The exhibition “History of Sweden” is a concentration of events and personal destinies from the 11th century down to the present day. Influential men and women are highlighted, as well as class struggles, minorities and immigrants, all of whom have made their mark on history.
The exhibition has a chronological axis, with each century individually presented. The various rooms have educational stations. The History of Sweden is an introduction to the other exhibitions on the 1st floor.
This exhibition takes the 11th century as its starting point. The monarchy at that time was not hereditary, and various clans jockeyed for the throne. The first king to have himself baptised into the new faith, Christianity, was Olof Skötkonung.
In the first part of the exhibition, the 12th century, you will see splendid objects such as silver chalices and a gilded reliquary from Eriksberg in Västergötland, resembling a church building. Things like this were used by the Church in rituals witnessed by the newly converted population. Reliquaries contained relics of saints – perhaps a bone, hair or fingernails. The Eriksberg reliquary may have been presented to the church by King Knut Eriksson or his clan at the end of the 12th century, perhaps as a way of consolidating the clan’s position.
The unique chalice and paten, for the wine and bread of the sacrament, date from the transition between the 11th and 12th centuries. They were found in a bishop’s grave in Skara Cathedral, one of the oldest sees in Sweden, and are displayed in the exhibition. The chalice is inscribed: “God’s blood washes away all sins.”
You can also see a number of artefacts from Finland, found in the town of Sigtuna. During the 12th century the Svea kings went on crusade to Finland, which became Swedish, remaining so until 1809.
In the 13th century we encounter Queen Katarina Sunesdotter, whose tomb chest is the best-preserved from medieval Sweden. When widowed, she withdrew to Gudhem Convent in Västergötland, to which she bequeathed the greater part of her fortune.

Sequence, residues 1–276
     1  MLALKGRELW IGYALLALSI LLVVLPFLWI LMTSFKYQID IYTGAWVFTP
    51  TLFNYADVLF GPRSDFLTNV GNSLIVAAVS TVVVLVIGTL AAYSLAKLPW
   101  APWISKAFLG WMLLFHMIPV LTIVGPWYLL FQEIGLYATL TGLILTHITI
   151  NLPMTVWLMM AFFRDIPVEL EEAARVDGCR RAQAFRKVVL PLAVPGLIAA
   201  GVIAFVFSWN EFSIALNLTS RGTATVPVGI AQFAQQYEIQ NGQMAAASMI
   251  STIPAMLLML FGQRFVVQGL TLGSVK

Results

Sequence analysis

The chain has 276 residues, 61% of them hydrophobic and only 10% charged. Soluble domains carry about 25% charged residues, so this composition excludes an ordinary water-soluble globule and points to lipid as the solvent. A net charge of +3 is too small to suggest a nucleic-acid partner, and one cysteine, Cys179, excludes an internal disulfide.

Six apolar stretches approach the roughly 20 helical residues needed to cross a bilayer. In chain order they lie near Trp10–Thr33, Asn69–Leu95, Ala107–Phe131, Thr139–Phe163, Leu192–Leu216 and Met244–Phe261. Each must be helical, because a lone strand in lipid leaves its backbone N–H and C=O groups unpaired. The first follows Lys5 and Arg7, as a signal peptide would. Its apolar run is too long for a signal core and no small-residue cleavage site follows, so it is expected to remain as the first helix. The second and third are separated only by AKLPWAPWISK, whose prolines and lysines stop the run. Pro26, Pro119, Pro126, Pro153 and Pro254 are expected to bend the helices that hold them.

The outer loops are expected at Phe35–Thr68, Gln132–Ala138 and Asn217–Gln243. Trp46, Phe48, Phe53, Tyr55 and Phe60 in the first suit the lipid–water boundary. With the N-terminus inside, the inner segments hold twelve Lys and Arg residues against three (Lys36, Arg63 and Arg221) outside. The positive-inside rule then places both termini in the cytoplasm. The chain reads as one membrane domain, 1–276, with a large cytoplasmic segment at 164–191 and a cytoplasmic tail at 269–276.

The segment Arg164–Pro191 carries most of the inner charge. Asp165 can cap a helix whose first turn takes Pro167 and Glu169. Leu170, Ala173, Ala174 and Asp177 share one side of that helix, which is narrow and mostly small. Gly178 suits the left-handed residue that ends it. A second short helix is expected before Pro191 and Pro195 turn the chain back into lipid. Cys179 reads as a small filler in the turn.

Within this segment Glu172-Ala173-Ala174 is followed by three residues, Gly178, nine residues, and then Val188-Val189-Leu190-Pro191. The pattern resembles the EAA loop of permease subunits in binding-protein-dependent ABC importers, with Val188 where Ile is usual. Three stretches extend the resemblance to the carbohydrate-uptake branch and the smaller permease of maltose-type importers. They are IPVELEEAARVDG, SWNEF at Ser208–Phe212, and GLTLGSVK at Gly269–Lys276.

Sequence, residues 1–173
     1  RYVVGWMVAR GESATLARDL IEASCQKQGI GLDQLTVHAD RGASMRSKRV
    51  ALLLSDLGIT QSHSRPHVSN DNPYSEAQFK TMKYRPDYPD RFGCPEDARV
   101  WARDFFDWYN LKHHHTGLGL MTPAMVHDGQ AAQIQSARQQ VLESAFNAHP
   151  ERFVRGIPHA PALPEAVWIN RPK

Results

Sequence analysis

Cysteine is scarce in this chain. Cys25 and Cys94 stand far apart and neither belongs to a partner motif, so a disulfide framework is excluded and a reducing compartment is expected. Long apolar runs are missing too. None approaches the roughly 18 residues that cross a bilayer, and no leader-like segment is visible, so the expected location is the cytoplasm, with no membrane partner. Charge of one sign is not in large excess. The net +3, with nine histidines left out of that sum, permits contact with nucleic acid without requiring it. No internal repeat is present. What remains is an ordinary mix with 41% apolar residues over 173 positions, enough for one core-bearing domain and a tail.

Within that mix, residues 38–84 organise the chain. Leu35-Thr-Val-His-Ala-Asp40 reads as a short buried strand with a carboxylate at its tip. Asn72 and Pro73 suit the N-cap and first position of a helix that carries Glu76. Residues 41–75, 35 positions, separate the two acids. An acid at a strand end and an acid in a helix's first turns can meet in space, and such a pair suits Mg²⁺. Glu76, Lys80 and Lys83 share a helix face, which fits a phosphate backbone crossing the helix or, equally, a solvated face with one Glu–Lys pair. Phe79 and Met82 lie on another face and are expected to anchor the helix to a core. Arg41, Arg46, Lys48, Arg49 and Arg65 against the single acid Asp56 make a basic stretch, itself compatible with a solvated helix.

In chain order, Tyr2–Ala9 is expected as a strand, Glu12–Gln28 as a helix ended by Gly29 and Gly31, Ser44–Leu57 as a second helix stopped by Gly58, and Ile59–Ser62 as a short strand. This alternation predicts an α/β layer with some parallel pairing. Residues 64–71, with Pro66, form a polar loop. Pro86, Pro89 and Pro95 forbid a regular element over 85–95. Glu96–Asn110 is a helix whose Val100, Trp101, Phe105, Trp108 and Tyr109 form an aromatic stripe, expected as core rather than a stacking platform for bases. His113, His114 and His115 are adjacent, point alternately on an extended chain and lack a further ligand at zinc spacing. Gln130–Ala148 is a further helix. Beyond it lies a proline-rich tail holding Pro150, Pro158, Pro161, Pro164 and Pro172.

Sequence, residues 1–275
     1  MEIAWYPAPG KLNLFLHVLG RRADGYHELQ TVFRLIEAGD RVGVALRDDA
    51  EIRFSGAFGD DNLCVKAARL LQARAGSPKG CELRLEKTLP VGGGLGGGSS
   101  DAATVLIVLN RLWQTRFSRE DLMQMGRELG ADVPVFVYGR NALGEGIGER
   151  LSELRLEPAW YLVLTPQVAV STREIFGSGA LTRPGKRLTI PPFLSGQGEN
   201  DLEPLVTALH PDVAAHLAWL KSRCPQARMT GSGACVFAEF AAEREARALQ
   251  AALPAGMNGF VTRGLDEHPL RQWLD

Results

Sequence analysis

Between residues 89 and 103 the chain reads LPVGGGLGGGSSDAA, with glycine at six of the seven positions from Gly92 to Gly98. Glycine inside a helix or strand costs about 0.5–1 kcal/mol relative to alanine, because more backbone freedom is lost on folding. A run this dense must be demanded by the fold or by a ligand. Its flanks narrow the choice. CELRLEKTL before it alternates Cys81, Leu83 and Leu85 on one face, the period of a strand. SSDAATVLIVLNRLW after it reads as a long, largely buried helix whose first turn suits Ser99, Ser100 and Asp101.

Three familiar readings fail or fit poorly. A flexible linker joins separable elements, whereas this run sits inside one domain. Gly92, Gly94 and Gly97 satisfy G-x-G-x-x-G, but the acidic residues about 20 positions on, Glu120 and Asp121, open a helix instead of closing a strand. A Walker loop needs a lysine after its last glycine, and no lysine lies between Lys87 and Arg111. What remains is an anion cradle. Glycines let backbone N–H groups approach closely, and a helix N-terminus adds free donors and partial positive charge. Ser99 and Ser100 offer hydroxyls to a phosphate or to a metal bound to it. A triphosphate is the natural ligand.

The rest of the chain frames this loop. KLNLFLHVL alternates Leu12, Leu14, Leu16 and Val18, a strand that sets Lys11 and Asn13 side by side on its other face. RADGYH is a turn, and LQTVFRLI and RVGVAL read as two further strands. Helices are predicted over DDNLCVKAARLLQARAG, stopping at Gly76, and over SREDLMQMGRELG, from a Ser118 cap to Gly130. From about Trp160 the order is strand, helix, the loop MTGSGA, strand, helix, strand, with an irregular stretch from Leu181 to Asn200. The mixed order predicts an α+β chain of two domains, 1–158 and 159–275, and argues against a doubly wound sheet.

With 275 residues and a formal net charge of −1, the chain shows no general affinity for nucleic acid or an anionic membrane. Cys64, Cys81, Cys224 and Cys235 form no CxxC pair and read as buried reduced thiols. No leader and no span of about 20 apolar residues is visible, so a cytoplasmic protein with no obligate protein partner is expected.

Notice too the contemporary depiction of a horseman, an iron helmet and one of the world’s oldest and best-preserved cannon, found in Skåne. This cannon weighs just over 9 kg and is only 30 cm long. It could be used for firing both arrows and projectiles filled with scrap metal (canister shot).
The same room contains the unique gold brooch retrieved from the town river of Motala and made in France, Paris possibly, at the beginning of the 14th century. It was found in the river by an eel fisher some centuries later. One interpretation is that this may have been part of the dowry of Queen Blanka of Namur (in present-day Belgium) at the time of her marriage to King Magnus Eriksson in 1335.
Politically, the 14th century was a troubled time of internecine strife in Sweden. Pirates infested the Baltic, and the country was hit by one of Europe’s worst-ever disasters, the Black Death. At this point, one of the greatest characters in Swedish history, St Bridget (1303-1373), appeared on the scene. She became an international celebrity and has been made the patron saint of Europe. She was canonised in 1391, and during the 15th century the Bridgettine convent in Vadstena became a cultural centre for the entire Nordic area and the parent convent of an order which exists to this day. The exhibition features textiles, rings, seals, a reliquary and an altarpiece, all of which have to do with St Bridget.
In this exhibition you can see a copy of a gown to Margareta, the powerful Queen of the Kalmar Union. At the end of the 14th century she became ruler over Norway, Sweden and Denmark. Here you can also see a hunting horn that was made for Erik of Pomerania, Margareta’s chosen successor. In addition, the exhibition features the Ängsö Goblet formerly belonging to King Karl Knutsson (Bonde) and pieces of his 15th century velvet funeral costume.